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Cosmology, Quantum Mechanics & Consciousness Message Board › Who wants a soul?

Who wants a soul?

lan B.
user 10895495
London, GB
Post #: 287

Many thanks for this, Will. I think that the most apposite response to what appears to be the main thrust of both your and Andrew's recent postings is this. (A short pasted introductory quote from a somewhat lengthier essay.) I hereby repeat that no-one -- certainly not me, at any rate -- is sneering at religion, but will continue to reiterate that the domain of science is for scientific thinkers and practitioners alone, and mutatis mutandis for religious thinkers. Clearly individual people can have feet in both camps, but they mustn't forget that whichever role they're playing at the time, they're not allowed to transpose elements of their alter ego. Doctor Jekyll cannot co-occur with Mr Hyde. (You decide who's Jekyll: religion or science. In any case, no pejoration either way is implied.) Any attempt to pass religious claims off as specifically scientific (as opposed to "true" in the socially emollient sense) would be utterly bogus, and I'm sure that you agree with that, not withstanding your thought experiment-interesting ruse of catching God out as a result of His playing silly buggers. Similarly, any intrusion of scientific thinking into religious doctrine could only know no end, and if pursued conscientiously, it would only end up by corroding the entire edifice.:

"How critical thinking remained Pious after all
Thursday, 20 December 2012 21:50by Stephen Alexander / Afiya S Zia

The key point is that postmodernism necessarily requires a rejection of any claim to the absolute and this has had an unexpected result. For it has allowed religious individuals and institutions to rebrand their teachings as legitimately alternative views within a plural market place of competing ideas

I: Sceptico-fideism reinforces religious obscurantism

Nietzsche knew that Kant had ingeniously found a way to remain pious. That the latter prepared the way for scepticism in order to invite mistrust of the intellect and preserved a space for faith by demonstrating the limitations of knowledge.[1] Ultimately, therefore, Kant’s critique of reason was carried out to safeguard the moral order and “however ‘enlightened’ or ‘secular’ its initial agenda might have been, the critique of metaphysical rationalism has ended up providing a philosophical alibi for ... the claim that reason has no absolute jurisdiction over reality, and hence cannot be invoked to disqualify the possibility of religious faith.”[2]

This forms the argument of our paper: that attempts to divorce philosophy from metaphysics have ironically served to protect and embolden those who still secretly retain belief in a recently deceased deity. And this applies to schools on both sides of the phoney divide between Anglo-American and Continental philosophy. Thus, for example, both Wittgenstein and Heidegger share a conviction that their thinking is somehow superior to that of science and that “the sorts of entities and processes postulated by scientific theory”[3] are in some way derivative of their own non-scientific and anti-scientific musings to do with language games and ‘being-in-the-world’.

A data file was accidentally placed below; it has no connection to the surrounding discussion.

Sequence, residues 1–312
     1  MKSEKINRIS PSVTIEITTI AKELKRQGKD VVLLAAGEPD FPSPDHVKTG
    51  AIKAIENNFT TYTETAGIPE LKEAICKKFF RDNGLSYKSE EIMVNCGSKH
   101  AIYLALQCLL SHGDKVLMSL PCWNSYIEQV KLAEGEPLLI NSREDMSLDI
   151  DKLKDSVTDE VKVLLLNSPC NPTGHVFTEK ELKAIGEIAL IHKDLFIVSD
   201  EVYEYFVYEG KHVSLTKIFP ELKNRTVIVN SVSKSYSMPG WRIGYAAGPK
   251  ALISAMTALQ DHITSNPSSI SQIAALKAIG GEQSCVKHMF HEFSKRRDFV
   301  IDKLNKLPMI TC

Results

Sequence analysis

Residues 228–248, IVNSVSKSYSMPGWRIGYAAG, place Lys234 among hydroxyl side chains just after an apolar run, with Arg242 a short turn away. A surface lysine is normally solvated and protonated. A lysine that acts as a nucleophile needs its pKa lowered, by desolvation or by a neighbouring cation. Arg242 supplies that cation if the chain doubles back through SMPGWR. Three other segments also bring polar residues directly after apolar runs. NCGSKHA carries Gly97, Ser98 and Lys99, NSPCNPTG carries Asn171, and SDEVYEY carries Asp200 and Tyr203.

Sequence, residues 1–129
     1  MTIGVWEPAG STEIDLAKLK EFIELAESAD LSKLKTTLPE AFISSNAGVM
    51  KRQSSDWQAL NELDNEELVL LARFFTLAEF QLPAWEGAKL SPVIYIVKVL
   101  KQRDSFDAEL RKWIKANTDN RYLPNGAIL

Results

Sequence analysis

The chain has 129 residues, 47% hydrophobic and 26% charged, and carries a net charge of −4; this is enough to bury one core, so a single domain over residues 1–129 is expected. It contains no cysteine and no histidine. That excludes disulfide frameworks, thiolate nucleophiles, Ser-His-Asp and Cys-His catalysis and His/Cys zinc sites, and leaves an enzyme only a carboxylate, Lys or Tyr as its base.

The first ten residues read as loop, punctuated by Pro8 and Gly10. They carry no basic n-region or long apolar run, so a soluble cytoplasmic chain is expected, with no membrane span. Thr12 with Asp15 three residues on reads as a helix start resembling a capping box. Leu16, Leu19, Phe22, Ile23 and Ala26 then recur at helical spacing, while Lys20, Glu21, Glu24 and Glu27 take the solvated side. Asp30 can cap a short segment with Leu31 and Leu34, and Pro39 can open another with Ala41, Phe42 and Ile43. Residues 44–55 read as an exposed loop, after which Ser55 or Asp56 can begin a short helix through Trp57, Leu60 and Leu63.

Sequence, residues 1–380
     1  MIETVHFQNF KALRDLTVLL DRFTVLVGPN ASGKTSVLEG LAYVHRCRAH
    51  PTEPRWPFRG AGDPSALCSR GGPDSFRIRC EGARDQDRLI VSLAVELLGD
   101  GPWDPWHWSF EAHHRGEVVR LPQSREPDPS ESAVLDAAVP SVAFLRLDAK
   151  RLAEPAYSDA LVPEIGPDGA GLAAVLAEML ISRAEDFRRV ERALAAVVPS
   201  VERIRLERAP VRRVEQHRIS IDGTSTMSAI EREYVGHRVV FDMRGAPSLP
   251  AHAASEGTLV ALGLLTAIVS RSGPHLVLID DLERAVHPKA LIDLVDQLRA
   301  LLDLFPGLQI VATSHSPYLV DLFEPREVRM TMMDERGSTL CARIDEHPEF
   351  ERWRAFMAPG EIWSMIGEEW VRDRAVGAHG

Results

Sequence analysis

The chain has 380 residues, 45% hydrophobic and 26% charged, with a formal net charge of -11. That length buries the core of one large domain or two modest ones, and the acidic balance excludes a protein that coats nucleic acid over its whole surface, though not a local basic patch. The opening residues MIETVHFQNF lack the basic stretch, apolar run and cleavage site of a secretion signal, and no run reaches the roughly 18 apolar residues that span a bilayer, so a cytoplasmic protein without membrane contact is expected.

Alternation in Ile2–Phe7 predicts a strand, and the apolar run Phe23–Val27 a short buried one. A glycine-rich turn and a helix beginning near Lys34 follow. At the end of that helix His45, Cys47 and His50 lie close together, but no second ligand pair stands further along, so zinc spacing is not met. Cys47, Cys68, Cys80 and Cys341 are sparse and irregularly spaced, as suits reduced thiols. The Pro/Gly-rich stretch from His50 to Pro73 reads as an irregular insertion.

It is these two emblematic figures – Heidegger and Wittgenstein – who, with their “thinly disguised exaltations of mystico-religious illumination over conceptual rationality”,[4] cast a fateful spell of enchantment over philosophy in the twentieth century. If we have much to thank them for, so too do we have much to curse them for. Why? Because they have ensured our continued fideism in a post-critical world. By refusing to endorse an honest form of atheism in favour of a “profoundly ambiguous species of agnosticism”[5] these two have left the door open for “every variety of religious mystification, and whether it is pagan, monotheistic, or pantheistic in tenor is beside the point”.[6]

This matters, we believe – and very much so. For it helps us understand not only the creeping religiosity of contemporary philosophy, but also why it is that the lunatics of faith have become increasingly emboldened and noisy in the last thirty years or so. By severely restricting the scope of reason, forms of strong correlationism[7] fail to provide rational grounds by which models of religious reality – no matter how insane – might be challenged and ruled out as impossible. In other words, strong correlationism is unable to disqualify irrational beliefs on the basis of their irrationality: for it is rationally illegitimate to do so. This means that Christian fundamentalists, for example, have every right to maintain that the world was created in seven days out of nothingness by a loving and omnipotent God, even if such a statement is logically meaningless and comes unburdened by proof of any kind .. "

lan B.
user 10895495
London, GB
Post #: 288

[BTW, here's the address of the source-text for the quoted essay intro which I've just posted to you]:



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